A tribute to the men of Bomber Command in WW2

Our production of the WW2 Terence Rattigan play, Flare Path at the Oast Theatre in Tonbridge had its last night on October 19th and our research over the last six months had heightened our interest in the work of Bomber Command.  The play, about bomber pilots and their wives, was set in Lincolnshire and we were determined to see, first-hand, one of airfields that so many aircrew flew from during the war.

So, after bidding farewell to our gravel drive campsite:


we headed for East Kirkby airfield, the home of the privately owned Aviation Heritage Centre.  It was set up over 20 years ago by two farming brothers, Fred and Harold Panton, as a memorial to Bomber Command and primarily as a tribute to their eldest brother Christopher Whitton Panton who was shot down and killed on a bombing raid over Nuremberg on 30/31 March 1944.


As luck would have it, today was the British Legion’s launch of the 2013 Poppy Appeal and as we entered the giant hangar, part museum and part home of the Lancaster bomber, Just Jane, standard bearers were starting to line up and there were hundreds of folding plastic chairs set out and a brass band was playing the already seated audience.





With the strains of Elgar’s Enigma in the background, we wandered round the excellent exhibits, from the sad remains of crashed aircraft to the many photographs and newspaper cuttings of handsome young men who hadn’t lived past their twenties.  It was clear that this museum as a labour of love for the brothers and the quantity and quality of the exhibits was extraordinary.  There were old vehicles galore, including a mobile control unit used for take-offs.

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The parade of standard bearers began and the audience were treated to some excellent singing from a branch of the Military Wives Choir.  There were speeches and prizes awarded to British Legion branches for last year’s campaign and then more singing, including some old Very Lynn favourites, and then the formalities were over and people started milling about the hangar and around the looming presence of Just Jane who stood like a giant over us.


People began streaming out and excitement was growing as Just Jane was brought out from her hangar, preparatory to a “taxy ride” as the museum curiously referred to a trip up the grass runway, complete with a small contingent of paying passengers and one raffle winner (sadly not either of us). The Lancaster was being piloted by one of the resident pilots.


The four mighty Merlin engines fired up one by one as the crowd stood behind a blue rope, eagerly anticipating the moment when the Lancaster started taxi-ing up the concrete strip.  It was an amazing sight and one which is difficult to describe as the leviathon moved forward with a roar.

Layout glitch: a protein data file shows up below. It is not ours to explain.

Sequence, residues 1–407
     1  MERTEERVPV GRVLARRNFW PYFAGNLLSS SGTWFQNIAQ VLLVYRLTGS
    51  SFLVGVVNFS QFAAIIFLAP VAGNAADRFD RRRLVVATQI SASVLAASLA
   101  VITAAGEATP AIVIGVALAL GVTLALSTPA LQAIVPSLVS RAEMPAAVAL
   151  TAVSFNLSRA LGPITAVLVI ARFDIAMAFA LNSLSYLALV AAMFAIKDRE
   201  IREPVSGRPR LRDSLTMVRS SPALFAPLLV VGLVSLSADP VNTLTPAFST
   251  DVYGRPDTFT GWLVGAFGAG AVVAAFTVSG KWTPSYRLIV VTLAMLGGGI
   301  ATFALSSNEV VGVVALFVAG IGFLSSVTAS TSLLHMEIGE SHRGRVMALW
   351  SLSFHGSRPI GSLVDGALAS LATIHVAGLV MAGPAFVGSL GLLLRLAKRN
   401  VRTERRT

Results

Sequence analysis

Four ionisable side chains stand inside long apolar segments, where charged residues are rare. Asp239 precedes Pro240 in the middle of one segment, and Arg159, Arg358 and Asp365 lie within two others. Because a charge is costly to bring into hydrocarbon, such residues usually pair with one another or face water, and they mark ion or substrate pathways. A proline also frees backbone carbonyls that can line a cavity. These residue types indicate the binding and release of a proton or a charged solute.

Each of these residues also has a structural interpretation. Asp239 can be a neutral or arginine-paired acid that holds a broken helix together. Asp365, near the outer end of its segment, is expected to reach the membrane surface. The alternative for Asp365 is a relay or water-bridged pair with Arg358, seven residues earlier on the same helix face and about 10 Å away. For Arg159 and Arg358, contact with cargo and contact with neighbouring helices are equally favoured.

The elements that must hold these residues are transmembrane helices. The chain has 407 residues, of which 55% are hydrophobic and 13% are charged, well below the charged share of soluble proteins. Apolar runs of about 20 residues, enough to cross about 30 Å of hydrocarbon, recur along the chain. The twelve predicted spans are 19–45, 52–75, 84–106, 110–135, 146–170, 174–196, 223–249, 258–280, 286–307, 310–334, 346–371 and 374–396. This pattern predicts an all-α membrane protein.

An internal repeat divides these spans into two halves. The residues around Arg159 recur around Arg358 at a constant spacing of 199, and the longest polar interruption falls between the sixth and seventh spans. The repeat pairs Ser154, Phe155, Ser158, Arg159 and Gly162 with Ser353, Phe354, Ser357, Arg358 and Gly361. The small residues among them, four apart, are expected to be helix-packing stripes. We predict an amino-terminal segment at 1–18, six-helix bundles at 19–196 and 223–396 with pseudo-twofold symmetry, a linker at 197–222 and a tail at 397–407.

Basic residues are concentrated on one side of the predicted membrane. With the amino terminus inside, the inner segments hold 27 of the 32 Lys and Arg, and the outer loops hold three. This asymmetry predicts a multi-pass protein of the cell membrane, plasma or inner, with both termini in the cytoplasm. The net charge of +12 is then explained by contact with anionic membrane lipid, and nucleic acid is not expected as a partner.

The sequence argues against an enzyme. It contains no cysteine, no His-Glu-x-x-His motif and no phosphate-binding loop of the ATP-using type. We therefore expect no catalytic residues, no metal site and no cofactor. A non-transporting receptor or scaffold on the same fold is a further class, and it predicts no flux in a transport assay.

It disappeared down the grass runway, to reappear after five minutes or so.  When it turned to face us thousands of poppies were released from the wing flaps, flying hither and thither – quite a sight.


We then decided to have something to eat in the NAAFI building.  It was full of people but we queued for some scampi and chips which quite good.  I got the impression, listening to conversations, that most of the people there were connected in some way to the RAF and/or the airfield.  It was almost like a giant family occasion and it was nice to be part of it for a few hours.

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There is a museum in the old control tower with some interesting exhibits populated by some eerie looking models (old shop dummies I think).  The poses were quite good but spoiled rather by some dodgy hair.  The scenarios were good though, with some excellent props.


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There was an outbuilding with some parts of a Wellington bomber – interesting to us because of Flare Path.


We left at the end of the afternoon, pleased that we had been to such an interesting heritage centre and full of admiration for the family that had put so much of their time and energy into such a worthwhile cause.  I would love to go on one of the “taxy runs” in the Lancaster, but at £260 for about twenty minutes, maybe not.

It was one of those wonderful late afternoons when the sun was low in the sky and provided lots of opportunity for photographs.  The flat Lincolnshire fields had never looked more beautiful.


As this was the final time we would go through Boston, we took a detour to photograph the early 19th century Maud Foster Mill, sited very picturesquely on the drain of the same name.  It still mills flour and you can climb up the stairs to see all seven floors. It gives Boston a very Dutch look.